If Euthanasia Was An Option
I don’t know how old Roger was. He looked old, all worn out like a pair of overalls with the knees showing through. He rattled around inside the Masonic Lodge as it’s caretaker, occupying a small room upstairs that smelled of cigars. He had a big ring of keys that hung from his belt loop. He spent hours sitting by the front door of the Lodge… a withered gargoyle. I would do my best to greet him with a smile and a cheery “Good morning!” He often did not answer. Sometimes he grunted.
Roger took his own life in his small upstairs room this morning. He was done with living.
I felt sad when I heard the news… sad for my friend who had been the one to find him, and the only one who ever went out of his way to care for Roger. He would take him to the hospital for his many doctors’ appointments. He would check in on him. He would take care of his cat. That is what Roger said today, when he called my friend at 7am. “Please take care of my cat.” No indication that anything was amiss. He claimed he was just at the hospital again. Then he hung up the phone, adjusted the noose and kicked out the chair.
I feel for this man I hardly knew, someone I found difficult to genuinely like. He was gruff, downright rude. Not pretty to look at. Smelled of smoke and loneliness. He frowned at my attempts at kindness. And yet, here he was… old, alone, in pain. The last couple of weeks I would see him sitting outside the door with a bag of urine that hung down next to him, a cord snaking up under his pants. Worn out eyes behind glasses. Frowning. Who wouldn’t frown? Who wouldn’t feel the utter yuck of being at the end of one’s life, no family or friends, watching your body deteriorate and knowing it will never be good again? That you will never be young or in love or healthy or free or able? Who wouldn’t want to be done with it all?
I’ve always been a big fan of euthanasia as an exit option for one who is terminal and has the ability and soundness of mind to pull the plug him or herself. I remember when I was back in high school and Dr. Kevorkian was going to prison for helping a terminally ill grandmother end her life. “That’s wrong,” I thought. “This man is a compassionate, caring soul. He is not a murderer. He should be honored for giving this woman dignity and peace in passing. Not put behind bars.” If you have no quality of life and no hope of ever returning to life… if you’re in terrible pain, besieged with illness, watching your body and mind rot, you should be allowed to go- peacefully, easily, with dignity. Our medical technology is so darn good at keeping people alive at all costs. Quantity of life rules supreme, whether or not there is any quality remaining. Some of us stay alive far longer than nature intended. I’m all for heroic interventions that result in prolonging a life when the one living it wants it to continue. But if life worth living is over, there can be another way. We have not yet evolved enough as a society to allow for this form of compassionate exit. We do it for our pets all the time. And yet, granting humans the right to choose this action for themselves has met overwhelming resistance.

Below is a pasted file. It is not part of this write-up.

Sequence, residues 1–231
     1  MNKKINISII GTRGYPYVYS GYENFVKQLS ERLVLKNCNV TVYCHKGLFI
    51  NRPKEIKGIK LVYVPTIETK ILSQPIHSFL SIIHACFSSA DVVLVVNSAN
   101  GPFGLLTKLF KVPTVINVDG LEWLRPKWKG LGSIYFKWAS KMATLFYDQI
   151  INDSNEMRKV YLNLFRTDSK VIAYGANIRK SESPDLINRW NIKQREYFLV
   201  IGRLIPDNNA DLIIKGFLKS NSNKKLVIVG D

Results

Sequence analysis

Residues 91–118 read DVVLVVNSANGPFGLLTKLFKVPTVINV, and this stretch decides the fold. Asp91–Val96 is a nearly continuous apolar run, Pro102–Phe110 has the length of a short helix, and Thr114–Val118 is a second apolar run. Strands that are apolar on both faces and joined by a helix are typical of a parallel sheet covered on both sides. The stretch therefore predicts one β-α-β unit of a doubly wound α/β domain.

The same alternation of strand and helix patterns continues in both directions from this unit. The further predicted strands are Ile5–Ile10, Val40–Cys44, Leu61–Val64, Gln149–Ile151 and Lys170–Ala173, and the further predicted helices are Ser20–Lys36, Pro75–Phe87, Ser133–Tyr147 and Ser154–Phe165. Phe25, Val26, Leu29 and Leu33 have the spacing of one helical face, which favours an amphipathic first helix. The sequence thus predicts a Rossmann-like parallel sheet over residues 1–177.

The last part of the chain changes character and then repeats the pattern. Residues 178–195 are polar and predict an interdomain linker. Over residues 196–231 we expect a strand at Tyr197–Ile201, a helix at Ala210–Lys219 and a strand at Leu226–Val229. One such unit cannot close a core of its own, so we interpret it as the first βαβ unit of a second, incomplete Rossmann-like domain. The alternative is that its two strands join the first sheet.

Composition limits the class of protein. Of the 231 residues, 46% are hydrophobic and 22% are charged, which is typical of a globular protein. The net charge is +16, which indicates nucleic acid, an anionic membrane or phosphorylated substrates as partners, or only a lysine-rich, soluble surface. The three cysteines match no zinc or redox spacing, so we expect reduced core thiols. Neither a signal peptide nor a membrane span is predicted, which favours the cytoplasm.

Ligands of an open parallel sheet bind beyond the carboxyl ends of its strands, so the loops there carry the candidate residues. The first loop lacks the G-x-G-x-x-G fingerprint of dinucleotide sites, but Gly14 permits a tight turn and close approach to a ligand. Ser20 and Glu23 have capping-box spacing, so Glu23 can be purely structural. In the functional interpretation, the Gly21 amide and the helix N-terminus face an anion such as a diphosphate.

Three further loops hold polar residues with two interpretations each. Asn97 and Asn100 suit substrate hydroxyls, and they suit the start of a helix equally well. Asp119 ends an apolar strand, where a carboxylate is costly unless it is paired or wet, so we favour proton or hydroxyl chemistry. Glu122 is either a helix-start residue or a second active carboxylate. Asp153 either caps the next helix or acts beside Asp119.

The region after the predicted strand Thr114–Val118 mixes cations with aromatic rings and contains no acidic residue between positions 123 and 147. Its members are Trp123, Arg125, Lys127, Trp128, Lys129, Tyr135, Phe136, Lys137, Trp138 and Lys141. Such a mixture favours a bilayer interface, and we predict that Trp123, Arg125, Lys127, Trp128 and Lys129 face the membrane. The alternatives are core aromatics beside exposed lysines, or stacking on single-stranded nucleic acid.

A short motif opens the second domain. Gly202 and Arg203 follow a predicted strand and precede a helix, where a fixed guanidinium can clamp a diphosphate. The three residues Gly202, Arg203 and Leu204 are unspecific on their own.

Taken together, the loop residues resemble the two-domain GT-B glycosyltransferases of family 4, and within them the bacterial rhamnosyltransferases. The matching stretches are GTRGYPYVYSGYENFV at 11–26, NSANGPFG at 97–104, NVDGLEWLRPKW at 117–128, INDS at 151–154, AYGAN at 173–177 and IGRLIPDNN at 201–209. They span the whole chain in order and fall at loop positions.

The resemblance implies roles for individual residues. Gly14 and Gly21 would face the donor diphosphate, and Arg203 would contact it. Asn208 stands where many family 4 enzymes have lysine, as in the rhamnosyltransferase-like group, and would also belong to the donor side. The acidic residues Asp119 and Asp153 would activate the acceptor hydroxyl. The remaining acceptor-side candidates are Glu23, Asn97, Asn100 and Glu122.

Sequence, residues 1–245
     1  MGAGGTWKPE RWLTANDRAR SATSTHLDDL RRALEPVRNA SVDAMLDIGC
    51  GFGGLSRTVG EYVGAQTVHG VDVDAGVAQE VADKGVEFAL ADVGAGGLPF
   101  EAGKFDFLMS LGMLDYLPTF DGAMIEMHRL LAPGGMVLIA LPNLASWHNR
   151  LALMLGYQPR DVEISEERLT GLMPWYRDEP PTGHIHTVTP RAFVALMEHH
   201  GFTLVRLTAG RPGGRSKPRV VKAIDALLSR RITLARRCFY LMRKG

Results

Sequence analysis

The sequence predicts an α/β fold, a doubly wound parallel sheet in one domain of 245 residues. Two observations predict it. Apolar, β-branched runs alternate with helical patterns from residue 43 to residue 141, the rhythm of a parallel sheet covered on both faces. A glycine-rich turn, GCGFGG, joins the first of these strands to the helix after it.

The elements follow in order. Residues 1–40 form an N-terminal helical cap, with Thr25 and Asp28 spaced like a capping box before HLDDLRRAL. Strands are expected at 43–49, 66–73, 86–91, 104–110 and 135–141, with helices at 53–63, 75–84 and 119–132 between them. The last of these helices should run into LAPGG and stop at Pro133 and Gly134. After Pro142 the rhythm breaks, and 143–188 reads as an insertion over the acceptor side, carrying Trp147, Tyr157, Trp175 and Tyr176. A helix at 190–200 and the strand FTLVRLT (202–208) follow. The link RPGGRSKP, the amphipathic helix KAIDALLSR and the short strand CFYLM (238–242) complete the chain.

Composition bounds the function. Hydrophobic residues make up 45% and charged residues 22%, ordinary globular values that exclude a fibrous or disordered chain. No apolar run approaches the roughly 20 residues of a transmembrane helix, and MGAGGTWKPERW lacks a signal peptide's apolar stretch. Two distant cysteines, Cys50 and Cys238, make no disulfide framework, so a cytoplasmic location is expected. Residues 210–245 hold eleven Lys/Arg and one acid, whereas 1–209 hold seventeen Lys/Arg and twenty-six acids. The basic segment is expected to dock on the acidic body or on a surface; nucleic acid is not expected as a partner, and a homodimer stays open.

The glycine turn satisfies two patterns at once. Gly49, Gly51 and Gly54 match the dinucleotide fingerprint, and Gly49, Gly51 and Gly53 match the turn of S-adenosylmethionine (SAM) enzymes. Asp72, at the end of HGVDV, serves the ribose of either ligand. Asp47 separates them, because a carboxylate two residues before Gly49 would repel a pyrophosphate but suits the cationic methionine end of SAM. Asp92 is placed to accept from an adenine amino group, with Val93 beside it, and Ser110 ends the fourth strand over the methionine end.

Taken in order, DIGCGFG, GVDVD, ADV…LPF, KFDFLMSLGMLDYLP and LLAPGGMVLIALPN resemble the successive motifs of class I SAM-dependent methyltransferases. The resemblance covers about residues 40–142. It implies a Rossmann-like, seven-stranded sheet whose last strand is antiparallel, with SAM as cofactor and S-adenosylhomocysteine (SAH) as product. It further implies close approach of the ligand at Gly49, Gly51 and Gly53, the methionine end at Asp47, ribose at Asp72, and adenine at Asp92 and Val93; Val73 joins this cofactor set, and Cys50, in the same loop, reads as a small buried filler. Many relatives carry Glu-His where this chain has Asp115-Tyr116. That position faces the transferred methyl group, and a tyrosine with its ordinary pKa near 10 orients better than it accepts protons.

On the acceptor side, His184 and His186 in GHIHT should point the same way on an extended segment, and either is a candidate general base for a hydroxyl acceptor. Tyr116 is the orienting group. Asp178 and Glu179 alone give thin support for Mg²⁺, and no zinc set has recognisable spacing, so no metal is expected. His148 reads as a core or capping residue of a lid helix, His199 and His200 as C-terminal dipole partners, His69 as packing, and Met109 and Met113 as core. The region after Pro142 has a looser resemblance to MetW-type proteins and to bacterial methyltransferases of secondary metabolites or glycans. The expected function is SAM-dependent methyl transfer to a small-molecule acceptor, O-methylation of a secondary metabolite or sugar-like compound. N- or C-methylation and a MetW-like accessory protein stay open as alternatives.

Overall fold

It doesn’t have to be that way. What a relief it would be to be able to say with confidence and clarity, “Hey all, it’s been good, but I’m done. Let’s have a goodbye party, pass the pipe, say some nice words and I’ll be on my way.” What a decent option for a road that will only get darker and more tragic, a road that has no hope but only more intense levels of pain and despair. I wish that Roger had been able to choose a clean and dignified exit plan. How much greater peace and freedom if we knew that we could gather friends and family together and say our goodbyes, rather than waiting for even worse days to come before we can finally die. Or, if you have neither friends nor family, to at least quietly smoke your last cigar and wash down the pills your doctor prescribed and go quickly. People could think you just went in your sleep. No one would have to know…or be the one to untangle the rope from your neck and lower your body to the floor.
When I am all done (hopefully many healthy decades from now), I hope that our country has advanced enough in the area of personal choice and health care rights that I can choose to do it my way, if necessary. Of course, no one wants to end in excruciating pain, a terminal diagnosis, a deteriorating body and mind. But, let’s face it. We all go somehow. There is no way out of dying except death. But should I find myself facing a dark hopeless road with no possible chance of regaining health, I would be grateful for the peace of knowing that I could gather all my loved ones close to me. I could tell each person how dearly I loved them. I could hug and kiss and laugh and cry and say, “thank you.” I could enjoy all the beautiful flowers that would show up at my funeral- Heck, I could even pick them out myself! And there would be no mystery of “when” or how bad it would get before I could die. There would be no horror of a loved one finding me hanging from a rope or floating in a bathtub. It would be clear, understood, with dignity. I am not saying death is ever easy. But I do believe that we should have choices when our bodies and minds are shot and there is no hope of a U-Turn back to health. Hats off to those who prefer to fight to the bitter end, partaking of every possible medical intervention available to prolong living as long as possible. There is no judgement here, if that’s the way you want to roll. I just want an alternative for the less heroic among us, who want an option other than a rope when there is no more living left to be done.
May you be in peace tonight, Roger. And I wish there had been another way for you.